* HALIBUT Closed. The 2015 Pacific halibut quota is approximately 1% greater than 2014. Therefore, sport halibut seasons are projected to be similar to last year. The staff-recommended season dates should be available early next week, and finalized by the Oregon Fish and Wildlife commission in April.
* CRAB During the winter months, crabbing for Dungeness in the bays can be really slow, and it continues to be so this week. It may pick up before long, though, if the rains hold off and salinity increases in the bays.
* RAZOR CLAMS Razor clamming is still closed from the Oregon/California border to Heceta Head due to elevated levels of amnesic shellfish toxin (ASP) or domoic acid. All other Central Coast beaches remain open for razors. Minus tides are underway now through Saturday, February 21st. They’re occurring near sunset and advancing to well after dark. These tides aren’t all that low, either, with the lowest being -1.2’. The next series begins March 18th, with the lowest only -0.7’. Click 2015 Tide Tables for the entire year’s tables.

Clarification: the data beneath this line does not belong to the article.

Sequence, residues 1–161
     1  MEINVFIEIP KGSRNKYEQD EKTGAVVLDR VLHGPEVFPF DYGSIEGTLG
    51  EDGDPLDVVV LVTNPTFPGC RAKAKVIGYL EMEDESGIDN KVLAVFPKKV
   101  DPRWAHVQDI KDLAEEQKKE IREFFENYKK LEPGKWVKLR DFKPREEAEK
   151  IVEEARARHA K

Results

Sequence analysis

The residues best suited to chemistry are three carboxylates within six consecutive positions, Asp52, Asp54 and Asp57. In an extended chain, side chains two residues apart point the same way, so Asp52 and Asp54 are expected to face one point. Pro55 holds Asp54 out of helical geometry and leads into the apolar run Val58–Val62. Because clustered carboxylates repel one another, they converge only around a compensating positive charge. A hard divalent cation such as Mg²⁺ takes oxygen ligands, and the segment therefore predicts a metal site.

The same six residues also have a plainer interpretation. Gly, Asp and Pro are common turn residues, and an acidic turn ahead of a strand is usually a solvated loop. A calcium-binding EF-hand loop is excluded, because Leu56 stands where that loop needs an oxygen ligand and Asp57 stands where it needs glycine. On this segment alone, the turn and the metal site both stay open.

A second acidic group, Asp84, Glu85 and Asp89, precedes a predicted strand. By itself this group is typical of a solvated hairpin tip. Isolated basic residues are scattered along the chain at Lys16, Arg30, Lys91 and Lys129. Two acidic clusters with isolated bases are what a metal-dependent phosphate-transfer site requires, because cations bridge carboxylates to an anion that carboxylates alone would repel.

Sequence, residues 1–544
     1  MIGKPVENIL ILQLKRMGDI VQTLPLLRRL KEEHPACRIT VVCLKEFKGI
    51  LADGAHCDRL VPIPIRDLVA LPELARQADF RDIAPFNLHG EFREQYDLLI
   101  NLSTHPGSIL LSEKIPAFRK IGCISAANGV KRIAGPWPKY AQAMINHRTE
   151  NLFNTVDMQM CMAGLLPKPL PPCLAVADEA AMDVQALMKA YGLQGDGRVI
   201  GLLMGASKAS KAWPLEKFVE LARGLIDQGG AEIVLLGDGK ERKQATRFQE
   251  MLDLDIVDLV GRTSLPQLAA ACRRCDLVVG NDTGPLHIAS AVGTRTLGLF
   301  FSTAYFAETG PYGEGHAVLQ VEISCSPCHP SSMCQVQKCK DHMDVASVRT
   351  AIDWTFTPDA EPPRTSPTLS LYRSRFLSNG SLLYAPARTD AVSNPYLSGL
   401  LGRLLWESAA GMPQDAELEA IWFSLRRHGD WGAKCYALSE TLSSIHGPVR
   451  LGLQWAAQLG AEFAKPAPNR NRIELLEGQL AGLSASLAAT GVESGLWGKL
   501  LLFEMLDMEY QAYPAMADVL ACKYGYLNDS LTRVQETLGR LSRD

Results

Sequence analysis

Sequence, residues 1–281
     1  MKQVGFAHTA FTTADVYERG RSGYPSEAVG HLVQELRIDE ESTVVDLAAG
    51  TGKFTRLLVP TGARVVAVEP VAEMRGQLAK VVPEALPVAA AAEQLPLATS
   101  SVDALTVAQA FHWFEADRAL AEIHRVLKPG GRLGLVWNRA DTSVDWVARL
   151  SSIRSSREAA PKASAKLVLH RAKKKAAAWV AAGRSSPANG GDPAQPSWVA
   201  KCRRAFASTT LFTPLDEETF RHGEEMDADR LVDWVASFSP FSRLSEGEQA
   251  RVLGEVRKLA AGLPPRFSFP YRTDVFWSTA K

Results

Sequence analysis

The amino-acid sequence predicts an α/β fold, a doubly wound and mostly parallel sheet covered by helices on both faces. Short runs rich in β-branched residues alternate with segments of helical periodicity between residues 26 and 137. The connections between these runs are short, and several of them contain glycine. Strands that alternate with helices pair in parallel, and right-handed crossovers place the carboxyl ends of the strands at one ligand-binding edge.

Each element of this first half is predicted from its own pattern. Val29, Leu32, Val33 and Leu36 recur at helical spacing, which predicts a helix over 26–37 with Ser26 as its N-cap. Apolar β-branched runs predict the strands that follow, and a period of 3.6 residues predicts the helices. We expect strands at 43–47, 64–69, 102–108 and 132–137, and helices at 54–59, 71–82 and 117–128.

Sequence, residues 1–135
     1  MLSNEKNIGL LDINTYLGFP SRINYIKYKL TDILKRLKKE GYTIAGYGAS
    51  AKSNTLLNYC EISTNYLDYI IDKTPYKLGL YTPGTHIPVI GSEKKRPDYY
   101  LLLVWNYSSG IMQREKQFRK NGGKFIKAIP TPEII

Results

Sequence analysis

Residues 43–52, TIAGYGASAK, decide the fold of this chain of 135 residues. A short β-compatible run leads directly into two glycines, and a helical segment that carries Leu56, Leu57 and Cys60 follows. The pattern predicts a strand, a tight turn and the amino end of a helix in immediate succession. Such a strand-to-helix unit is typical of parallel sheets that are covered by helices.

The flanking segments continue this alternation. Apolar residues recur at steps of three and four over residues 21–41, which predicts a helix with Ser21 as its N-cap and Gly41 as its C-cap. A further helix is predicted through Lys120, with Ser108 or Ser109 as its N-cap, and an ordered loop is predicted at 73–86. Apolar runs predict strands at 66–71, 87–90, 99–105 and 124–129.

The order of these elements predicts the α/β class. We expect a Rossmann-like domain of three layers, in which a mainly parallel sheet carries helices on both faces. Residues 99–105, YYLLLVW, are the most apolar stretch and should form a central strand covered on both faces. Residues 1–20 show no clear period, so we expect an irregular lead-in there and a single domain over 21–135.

* MUSSELS Mussels are open along the entire coast. They’re fairly simple to harvest even in moderately low tides (see Tide Tables above).
* BAY CLAMS Central Coast clammers had a great weekend, with beautiful weather and low tides setting up some good opportunity for digging last weekend. When able to get out, sport clammers should be able to collect daily limits of cockles, gaper clams and butter clams from the popular sites in Siletz, Yaquina and Alsea Bays. Low tides as high as +1.0’ to +2.0’ can still allow clamming opportunities, especially for purple varnish clams that can sometimes be found when the tide is as high as +4.0’. See ODFW’s bay clam webpage for more information on where and how to dig, clam identification, etc., here.